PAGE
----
Fri, Apr 30 2010 02:23 PM Posted By: Jon Campbell
Candidates in various Chula Vista political races, and groups on both sides of Proposition G, turned out Monday night for a conversation with residents. Neither Mayor Cheryl Cox, who is seeking re-election, nor Glen Googins, who is running for city attorney, made it to the event, both candidates citing scheduling conflicts.
Sponsored by the Southwest Chula Vista Civic Association, the event featured a less structured format than previous forums. Each candidate had nine minutes to speak about whatever topic they chose, and to take questions from the audience if they wished.
Candidate for Chula Vista city attorney Robert Faigin positioned himself as a problem solver.
He recounted a series of large employee severance settlements that Chula Vista has paid out in recent years, saying the city had a problem with personnel-related legal costs.
Faigin said he had gained experience with personnel law in his current job with the San Diego County Sheriff's Department, and would bring that expertise to Chula Vista.
He also made sure to note that one of the large employee settlements he discussed, a sum of $175,921, actually went to his opponent.
Googins was given a severance package when he left the city attorney's office in 2004 because of an "inability of the city attorney and Mr. Googins to work cohesively as a team."
Mayoral candidate and current Councilman Steve Castaneda focused most of his remarks on Cox, not his other opponent Jorge Dominguez, drawing distinctions between himself and the incumbent. He mentioned Cox's support for expansion of the city's redevelopment areas into residential neighborhoods, something Castaneda has opposed.
Cox has stated previously that she supports such a proposal, at least in principle. Castaneda also reiterated his opposition to any change in the city's mobile home park rent control ordinance. The residents of the city's mobile home parks are involved in an ongoing dispute with owners over rent and other issues.
Dominguez targeted both of his opponents in his remarks, saying they were both part of the same under-performing administration.
City Council candidates touched on familiar issues like how to best bring jobs to the city and how to move forward with development on the city's bayfront, but each emphasized different strategies.
Pat Aguilar expressed a vision for bringing the medical industry into the South Bay, to capitalize off of what she called Chula Vista's unique mix of geography and existing medical industries.
Larry Breitfelder decried what he called excessive labor influence in the halls of power.
"We have a situation right now where the only call coming into City Hall that matters is the one from the San Diego (and Imperial Valley) labor council," he said.
The business recruitment theme was continued by Jill Galvez, another Seat 2 candidate. Galvez, a former AT&T executive, said she thought her business experience would be a boon to the council, helping to recruit new industries to the city.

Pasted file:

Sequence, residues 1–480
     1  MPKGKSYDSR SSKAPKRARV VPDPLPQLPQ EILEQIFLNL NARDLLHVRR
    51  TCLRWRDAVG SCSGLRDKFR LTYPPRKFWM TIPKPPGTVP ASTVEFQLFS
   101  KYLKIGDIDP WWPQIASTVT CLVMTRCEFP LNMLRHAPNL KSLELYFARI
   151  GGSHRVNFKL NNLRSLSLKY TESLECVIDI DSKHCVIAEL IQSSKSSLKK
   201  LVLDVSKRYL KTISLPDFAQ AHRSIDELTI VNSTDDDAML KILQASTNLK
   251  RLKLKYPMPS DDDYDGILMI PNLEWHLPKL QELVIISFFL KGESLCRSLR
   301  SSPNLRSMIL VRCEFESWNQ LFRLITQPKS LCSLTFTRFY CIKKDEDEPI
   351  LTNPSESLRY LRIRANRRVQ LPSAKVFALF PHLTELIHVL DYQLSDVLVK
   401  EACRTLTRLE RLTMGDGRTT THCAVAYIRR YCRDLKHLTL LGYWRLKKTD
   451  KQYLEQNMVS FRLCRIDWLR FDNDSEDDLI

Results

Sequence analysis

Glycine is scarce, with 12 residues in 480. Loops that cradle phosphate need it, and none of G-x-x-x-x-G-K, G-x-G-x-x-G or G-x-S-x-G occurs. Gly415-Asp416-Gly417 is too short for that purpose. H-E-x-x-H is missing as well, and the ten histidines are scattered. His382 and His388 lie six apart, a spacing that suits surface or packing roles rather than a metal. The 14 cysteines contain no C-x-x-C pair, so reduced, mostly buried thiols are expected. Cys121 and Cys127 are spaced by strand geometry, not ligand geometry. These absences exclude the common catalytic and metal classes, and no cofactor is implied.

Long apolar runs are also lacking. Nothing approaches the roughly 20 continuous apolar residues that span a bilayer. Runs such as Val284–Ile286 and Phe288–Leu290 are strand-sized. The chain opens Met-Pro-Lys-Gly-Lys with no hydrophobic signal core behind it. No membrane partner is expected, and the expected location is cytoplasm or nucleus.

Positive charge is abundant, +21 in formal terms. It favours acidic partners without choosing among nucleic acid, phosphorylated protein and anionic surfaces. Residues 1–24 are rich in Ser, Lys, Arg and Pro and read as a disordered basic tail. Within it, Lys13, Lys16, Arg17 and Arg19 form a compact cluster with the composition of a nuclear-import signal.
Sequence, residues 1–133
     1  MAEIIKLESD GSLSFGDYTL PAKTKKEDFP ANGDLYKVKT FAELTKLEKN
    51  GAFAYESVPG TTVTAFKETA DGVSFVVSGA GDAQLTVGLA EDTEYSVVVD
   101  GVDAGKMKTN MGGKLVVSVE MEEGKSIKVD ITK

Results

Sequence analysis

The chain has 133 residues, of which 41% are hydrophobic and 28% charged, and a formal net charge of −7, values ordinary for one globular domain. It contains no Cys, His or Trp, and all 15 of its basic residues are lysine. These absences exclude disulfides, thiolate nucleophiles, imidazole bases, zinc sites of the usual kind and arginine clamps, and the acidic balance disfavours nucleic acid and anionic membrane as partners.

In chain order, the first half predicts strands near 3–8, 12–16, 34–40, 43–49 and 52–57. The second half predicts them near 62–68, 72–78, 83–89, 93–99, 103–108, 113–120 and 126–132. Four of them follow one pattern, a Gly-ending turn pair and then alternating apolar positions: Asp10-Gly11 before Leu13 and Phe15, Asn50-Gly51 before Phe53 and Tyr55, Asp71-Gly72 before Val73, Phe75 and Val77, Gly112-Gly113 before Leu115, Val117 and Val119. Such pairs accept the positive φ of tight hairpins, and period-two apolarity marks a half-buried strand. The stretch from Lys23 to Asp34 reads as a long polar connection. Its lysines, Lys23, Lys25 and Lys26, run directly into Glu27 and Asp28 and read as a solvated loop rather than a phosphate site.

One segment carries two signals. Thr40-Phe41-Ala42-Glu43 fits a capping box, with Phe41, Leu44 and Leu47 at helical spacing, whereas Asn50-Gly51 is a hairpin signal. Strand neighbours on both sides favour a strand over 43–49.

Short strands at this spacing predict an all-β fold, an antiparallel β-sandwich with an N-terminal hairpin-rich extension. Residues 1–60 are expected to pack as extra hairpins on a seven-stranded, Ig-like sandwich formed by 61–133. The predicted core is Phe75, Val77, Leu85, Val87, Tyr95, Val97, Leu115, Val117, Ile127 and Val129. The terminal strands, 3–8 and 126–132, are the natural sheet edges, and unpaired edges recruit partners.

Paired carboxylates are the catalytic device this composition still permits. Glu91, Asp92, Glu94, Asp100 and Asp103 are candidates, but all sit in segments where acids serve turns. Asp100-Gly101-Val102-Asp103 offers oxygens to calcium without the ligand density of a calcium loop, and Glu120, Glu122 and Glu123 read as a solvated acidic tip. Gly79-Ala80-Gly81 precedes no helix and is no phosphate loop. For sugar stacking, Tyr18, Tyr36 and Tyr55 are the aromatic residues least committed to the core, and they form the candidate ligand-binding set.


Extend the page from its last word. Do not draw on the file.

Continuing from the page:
"We've never had corporate businesspeople on the council before ... and no one can sell Chula Vista like I can, because I love it so much," said Galvez.
Candidate Humberto Peraza talked about moving this city forward and addressed a number of revitalization issues, speaking bluntly about his frustration with what he characterized as City Hall's political paralysis.
"I'm sick and tired of watching politicians do what's in their best interest for the next two or three years," Peraza said. He held up the city's Third Avenue district as an example of lost opportunity, saying the area had the potential to become "our Little Italy," a reference the trendy San Diego neighborhood resurrected by redevelopment initiatives.
Groups both supporting and opposed to Proposition G also made their pitch on Monday, discussing the merits of the proposal that would bar the city from entering into project labor agreements. Project labor agreements are a tool sometimes used by cities that require contractors using public money to ether sign on to a collective bargaining agreement or make contributions to an employee benefits account, in some cases a union controlled account. The two sides agreed on virtually nothing.
Lorena Gonzalez, representing the San Diego and Imperial Counties Labor Council and the "No on G" perspective, said the measure could put in jeopardy Chula Vista's ability to receive state funding for projects in the city because state funded projects are governed by prevailing wage law, said Gonzalez.
William Baber, speaking on behalf of the Associated Builders and Contractors who support Prop G, said the fears of being shut out of state contracts were unfounded. He said the way the law was written means that the city would still be able to pay into such trust funds, just not those controlled by labor groups.
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